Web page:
May in Cluj: full of festivals

 

Marie Damman
Marie Damman

Under a clear blue sky, 30°C in Central Park, students are playing a treasure hunt. One of the quests was to climb beer packs. After 15 packs, the packs fell, and the professional climbers maintain the student in the air.

Summer has arrived in Cluj Napoca. Some students would rather go travelling around while, with my friend, we’d rather stayed in the city and enjoyed the Cluj Days.

Since the beginning of the spring, Cluj offer plenty of festivals, started with the Napoca Music Event as free concerts at the arena. Then, Forza Zu followed, the main radio offered commercial music bands, while Ursus Cooler sponsored the event. That beer is actually a lemonade beer or a free-alcohol. The advertisement worked good for them. From these two big events, free concerts were palying every weekends evening, and sometimes on the week as well, until the biggest events: Photo Romania Festival, Cluj Days and TIFF, a movie festival.

Marie Damman
Marie Damman

I’ve been only to Forza Zu and to Cluj Days for now. The event lasts for a week, opening with an multicultural parade. Everyone had the change to walk under confettis and show their flag. At the same time, the medieval village was standing in the old street of the city. The village looked invaded by medieval actors, which lived there. Also, a medieval market was located in front of the main building of the university of Babes Boliay, shopmen were mostly selling food, books, and jewelry. At the end of the markets we could find stages. While walking around in the city, we could discover three others in small hidden squares..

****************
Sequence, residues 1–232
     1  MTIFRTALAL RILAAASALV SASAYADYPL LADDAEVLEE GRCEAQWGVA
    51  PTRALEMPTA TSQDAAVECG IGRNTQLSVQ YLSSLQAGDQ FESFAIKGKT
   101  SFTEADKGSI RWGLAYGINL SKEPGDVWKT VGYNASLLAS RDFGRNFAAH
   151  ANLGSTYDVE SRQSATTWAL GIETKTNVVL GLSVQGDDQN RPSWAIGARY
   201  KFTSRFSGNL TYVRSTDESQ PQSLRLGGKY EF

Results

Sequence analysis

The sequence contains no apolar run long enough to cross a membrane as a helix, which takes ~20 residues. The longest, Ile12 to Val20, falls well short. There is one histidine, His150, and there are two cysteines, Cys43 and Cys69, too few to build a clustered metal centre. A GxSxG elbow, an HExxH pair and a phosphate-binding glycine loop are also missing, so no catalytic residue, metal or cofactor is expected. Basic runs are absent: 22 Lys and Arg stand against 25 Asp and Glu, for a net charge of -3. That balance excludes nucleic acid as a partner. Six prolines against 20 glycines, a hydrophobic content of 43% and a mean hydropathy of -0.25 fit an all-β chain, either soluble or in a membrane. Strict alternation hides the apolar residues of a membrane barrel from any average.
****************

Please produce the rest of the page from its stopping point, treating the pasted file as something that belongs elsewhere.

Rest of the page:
In Central Park, assocations organized many free activities such as archery, (Tyrolienne), pack climbing, soccer in a blowup field, sumo fight, and so more. Tyrolienne had a lot of success according to the size of the line.

We tried it. We could see the kids climb up to the tree so quickly and smoothly while adults took more time. Our weight makes the climbing more difficult, especially when it comes to take the last step.

Concerts started around 7 pm and didn’t last so late. For midnight, the music was over and the audience left the place. Romanian summer concerts are nothing about what we use to hear in Western Europe: no pop music, and barely commercial artists. What we heard one night was typical Romanian songs. The public was enjoying the music, they were dancing in circle, making it bigger and bigger until taking over half of the main square (Piata Unirii).

A couple was dancing in the middle. They were doing other steps and they were synchronized. When Romanians have the occasion, they always dance altogether, which give us another perspective of partying.

 

Enhanced by Zemanta
Advertisements